added to the episodes of "Saved by
the Bell," back issues of the
Congressional Record and my old
foot bandages.
Save us, foolishness patch.


for intentional injuries.
Furthermore, I am positive that it
is not the object of a football game
for a player allegedly to hire
someone to break an opponent's knee
caps as he heads for the locker room.
Ms. Twenge should be ashamed for
her implicit praise of such
Machiavellian tactics in the Harding-
Kerrigan scenario.
As to Ms. Twenge's raw sweat
fetish, I'd rather leave that to the
reader's imagination.
LSA senior
Abortion is not the
To the Daily:
Mr. Kline sees a terrible thing
whenever he walks on the street -
"a society where poor and neglected
children grow up in an environment
that doesn't want them, where there's
no one to tell them that killing isn't a
way to solve problems...(a society
where) sex (means) raping a woman"
- where "women are child-bearers
and slaves to male dominat(ion)."
. Fortunately, Mr. Kline recognizes
that there is a way to solve this awful
problem. The heinous society, built
by self-righteous people who have
the temerity to stand for a concrete
and objective moral code, can be
destroyed and done away with; and a
kinder, nobler, gentler world can take
its place. The solution? To champion
the killing of children who may be
poor and neglected in the future.
I must admit that this is one way
of solving the "problem." After all, if
we kill poor and neglected children,
they won't have to grow up in this
kind of a society. But hasn't anyone
told Mr. Kline that "killing isn't a
way to solve problems"? Hasn't
anyone told him that poverty is not a
crime? That murder is a crime? And
is the murder of one million unborn
children each year really the kinder,

entitled to the unalienable Right to
Life. Or has the Declaration of
Independence also become a
speculation on the murky and
forbidden realm of "moral issues"?
I'm encouraged that Mr. Kline is so
vehement about the evils of
discrimination. That's a step in the
right direction. Out now it is time for
those who claim to be against
discrimination to follow through on
their convictions; to have the courage
to stand up and fight against the
ultimate form of discrimination. By
allowing abortion, we are saying that
it is legitimate to kill a human being
based on its age. Don't just talk the
talk Mr. Kline - walk the walk.
LSA sophomore
Twenge displ'oa
hypocrisy, Intoleranc *
To the Daily:
Readers of the Daily seem to have
their priorities confused. Any
commentary or article even implying
bias against women or minorities
automatically invites a deluge of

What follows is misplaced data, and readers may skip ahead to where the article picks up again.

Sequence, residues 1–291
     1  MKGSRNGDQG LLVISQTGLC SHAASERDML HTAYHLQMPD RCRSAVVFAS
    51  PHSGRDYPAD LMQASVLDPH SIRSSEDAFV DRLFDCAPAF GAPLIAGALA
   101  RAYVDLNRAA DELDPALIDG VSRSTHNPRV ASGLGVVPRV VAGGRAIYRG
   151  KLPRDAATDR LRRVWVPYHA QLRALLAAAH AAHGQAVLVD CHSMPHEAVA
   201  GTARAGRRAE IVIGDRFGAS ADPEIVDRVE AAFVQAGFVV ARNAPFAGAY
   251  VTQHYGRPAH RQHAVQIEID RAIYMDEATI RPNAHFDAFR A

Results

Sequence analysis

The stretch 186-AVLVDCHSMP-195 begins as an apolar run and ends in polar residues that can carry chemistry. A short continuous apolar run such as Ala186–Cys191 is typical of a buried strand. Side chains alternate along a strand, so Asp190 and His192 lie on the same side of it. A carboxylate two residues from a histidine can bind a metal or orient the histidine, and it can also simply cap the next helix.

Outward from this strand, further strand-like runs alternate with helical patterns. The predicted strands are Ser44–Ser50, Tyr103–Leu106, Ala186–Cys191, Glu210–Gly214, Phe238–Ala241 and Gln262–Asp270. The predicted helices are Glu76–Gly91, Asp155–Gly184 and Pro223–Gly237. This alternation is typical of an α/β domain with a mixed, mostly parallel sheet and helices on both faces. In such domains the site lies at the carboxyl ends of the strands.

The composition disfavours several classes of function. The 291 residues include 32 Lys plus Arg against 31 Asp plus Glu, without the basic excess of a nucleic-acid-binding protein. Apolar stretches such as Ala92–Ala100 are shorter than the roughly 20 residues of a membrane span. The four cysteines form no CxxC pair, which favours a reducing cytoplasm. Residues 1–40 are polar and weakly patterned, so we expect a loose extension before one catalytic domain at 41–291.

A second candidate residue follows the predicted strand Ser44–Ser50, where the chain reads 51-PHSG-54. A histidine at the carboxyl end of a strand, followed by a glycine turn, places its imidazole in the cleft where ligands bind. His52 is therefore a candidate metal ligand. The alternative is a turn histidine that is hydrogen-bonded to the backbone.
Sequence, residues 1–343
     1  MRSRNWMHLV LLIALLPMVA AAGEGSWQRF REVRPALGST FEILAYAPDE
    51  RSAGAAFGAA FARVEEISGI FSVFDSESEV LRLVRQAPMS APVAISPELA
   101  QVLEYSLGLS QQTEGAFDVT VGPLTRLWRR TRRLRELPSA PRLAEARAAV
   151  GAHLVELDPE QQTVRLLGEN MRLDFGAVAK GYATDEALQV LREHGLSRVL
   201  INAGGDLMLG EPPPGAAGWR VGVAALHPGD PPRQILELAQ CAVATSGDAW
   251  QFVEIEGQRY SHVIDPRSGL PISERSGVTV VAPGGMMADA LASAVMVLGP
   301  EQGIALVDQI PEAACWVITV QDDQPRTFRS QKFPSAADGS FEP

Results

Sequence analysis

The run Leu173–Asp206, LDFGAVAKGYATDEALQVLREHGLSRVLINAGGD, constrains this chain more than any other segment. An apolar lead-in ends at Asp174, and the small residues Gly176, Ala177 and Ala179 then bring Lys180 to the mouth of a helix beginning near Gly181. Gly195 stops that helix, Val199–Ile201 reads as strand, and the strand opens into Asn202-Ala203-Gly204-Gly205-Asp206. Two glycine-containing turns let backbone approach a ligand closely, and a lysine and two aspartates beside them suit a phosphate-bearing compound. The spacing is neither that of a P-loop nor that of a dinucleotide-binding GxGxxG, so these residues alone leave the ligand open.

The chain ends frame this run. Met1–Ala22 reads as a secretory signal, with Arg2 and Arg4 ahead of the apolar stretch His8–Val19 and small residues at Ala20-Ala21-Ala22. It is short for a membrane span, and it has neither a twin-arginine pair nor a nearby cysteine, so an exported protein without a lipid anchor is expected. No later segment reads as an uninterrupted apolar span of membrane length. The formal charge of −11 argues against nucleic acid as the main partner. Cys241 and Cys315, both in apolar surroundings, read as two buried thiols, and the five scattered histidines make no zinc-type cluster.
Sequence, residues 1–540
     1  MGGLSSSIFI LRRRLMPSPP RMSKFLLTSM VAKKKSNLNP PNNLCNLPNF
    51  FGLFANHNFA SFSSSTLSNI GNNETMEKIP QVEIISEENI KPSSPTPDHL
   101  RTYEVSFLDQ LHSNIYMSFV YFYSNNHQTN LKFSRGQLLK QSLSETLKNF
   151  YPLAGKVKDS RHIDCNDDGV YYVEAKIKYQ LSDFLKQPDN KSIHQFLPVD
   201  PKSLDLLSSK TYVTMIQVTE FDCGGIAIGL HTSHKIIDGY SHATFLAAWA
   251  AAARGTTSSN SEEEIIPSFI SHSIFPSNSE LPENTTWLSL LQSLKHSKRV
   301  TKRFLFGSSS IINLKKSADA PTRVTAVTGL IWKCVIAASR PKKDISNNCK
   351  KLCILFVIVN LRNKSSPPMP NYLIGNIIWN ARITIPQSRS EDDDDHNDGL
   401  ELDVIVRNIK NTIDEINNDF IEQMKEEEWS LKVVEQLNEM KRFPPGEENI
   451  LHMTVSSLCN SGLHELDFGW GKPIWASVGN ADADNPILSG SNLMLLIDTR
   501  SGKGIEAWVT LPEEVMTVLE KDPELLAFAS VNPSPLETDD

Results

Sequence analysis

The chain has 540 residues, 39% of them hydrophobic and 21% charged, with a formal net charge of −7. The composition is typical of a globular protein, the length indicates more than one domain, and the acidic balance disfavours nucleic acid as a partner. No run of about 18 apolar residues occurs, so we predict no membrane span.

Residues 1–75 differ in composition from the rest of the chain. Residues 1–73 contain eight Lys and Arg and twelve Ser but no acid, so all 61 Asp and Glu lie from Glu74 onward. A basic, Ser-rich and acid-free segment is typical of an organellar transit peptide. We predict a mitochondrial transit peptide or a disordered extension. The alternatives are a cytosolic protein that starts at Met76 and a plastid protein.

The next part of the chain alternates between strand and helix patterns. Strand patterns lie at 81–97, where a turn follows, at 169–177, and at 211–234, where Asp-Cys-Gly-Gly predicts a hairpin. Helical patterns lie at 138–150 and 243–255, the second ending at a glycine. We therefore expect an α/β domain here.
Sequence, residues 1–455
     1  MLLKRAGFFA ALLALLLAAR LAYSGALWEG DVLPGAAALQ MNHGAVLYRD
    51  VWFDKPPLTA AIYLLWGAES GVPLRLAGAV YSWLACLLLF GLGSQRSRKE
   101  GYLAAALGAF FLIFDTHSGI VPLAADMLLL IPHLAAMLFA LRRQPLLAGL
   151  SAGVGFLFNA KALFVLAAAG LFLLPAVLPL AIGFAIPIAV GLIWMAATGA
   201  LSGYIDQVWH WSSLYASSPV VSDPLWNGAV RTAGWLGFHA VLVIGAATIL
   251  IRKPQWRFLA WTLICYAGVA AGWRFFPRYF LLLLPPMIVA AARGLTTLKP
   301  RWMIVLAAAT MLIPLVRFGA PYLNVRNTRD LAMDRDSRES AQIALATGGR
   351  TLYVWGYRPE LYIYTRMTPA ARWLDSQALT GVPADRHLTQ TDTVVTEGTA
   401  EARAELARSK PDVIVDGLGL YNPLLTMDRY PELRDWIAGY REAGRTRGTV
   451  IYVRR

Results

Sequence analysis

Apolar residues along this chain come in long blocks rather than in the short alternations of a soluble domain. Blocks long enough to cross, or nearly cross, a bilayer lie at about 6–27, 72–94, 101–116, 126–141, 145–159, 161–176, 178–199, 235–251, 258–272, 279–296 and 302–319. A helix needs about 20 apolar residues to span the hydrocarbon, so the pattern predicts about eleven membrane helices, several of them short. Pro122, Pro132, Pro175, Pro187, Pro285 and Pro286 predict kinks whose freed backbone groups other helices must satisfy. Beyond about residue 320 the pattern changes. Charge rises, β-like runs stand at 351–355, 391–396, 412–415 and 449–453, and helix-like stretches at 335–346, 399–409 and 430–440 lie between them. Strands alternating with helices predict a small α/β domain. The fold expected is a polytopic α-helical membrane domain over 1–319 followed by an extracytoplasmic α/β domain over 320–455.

angry letters to the paper. Why, then,
does Jean Twenge's blatantly sexist
attitude go continually unnoticed
upon every publication of her0
column? I'm beginning to get the
impression that discrimination
against men is perfectly acceptable
while sexism against women is
deplorable. In every one of her
commentaries Twenge in some way
accuses the entire male population of
mistreating or stereotyping all
women. In her latest episode of
nonsense, she claims that Tonya
Harding is a victim of society
because of her masculinity while
Nancy Kerrigan is a star and a hero
only because she is a charming
beauty. This coming from a
columnist who would cringe at the
sound of a sexist generalization

IU should he
It's just a tad bit nippy outside. In
tact, it's downright cold. Antarctica
It is so cold...that the University is
going to hold classes anyway.
That's right, even though meteo-
rologists are predicting a wind chill
factor of 60 degrees below zero today,
students and staff will still be expected
to go on with their normal academic
rgors despite the weather.
But this policy isn't new. The Uni-
versity has canceled classes only once
in the last 56 years. That was during the
blizzard of 1978, heralded as the worst

ad weather,
worse, the IU-Michigan game, sched-
uled for January 26 of that year, was
postponed until January 28. Go figure,
even Indiana basketball had to take a
back seat to the weather.
While the weather conditions we
are now enduring are nowhere near
those of that record-setting blizzard of
1978, there are still dangerous condi-
tions to deal with. The National
Weather Service out of Indianapolis
has a wind chill advisory in effect for
southern Indiana, predicting lows be-
tween zero and 10 below. High winds
are also predicted, which could result

cancel class
The IU Health Center gives recom-
mendations regarding when classes
might be cancelled. The health center
follows guidelines set down by the
Canadian Department of the Environ-
ment. These guidelines stipulate that
the air temperature must be at least 20
degrees below zero with at 25 mph
wind before classes will be canceled.
Expecting professors and students
to venture onto campus during slick
traveling conditions or dangerously cold
weather means putting those people's
safety in question. By doing so, the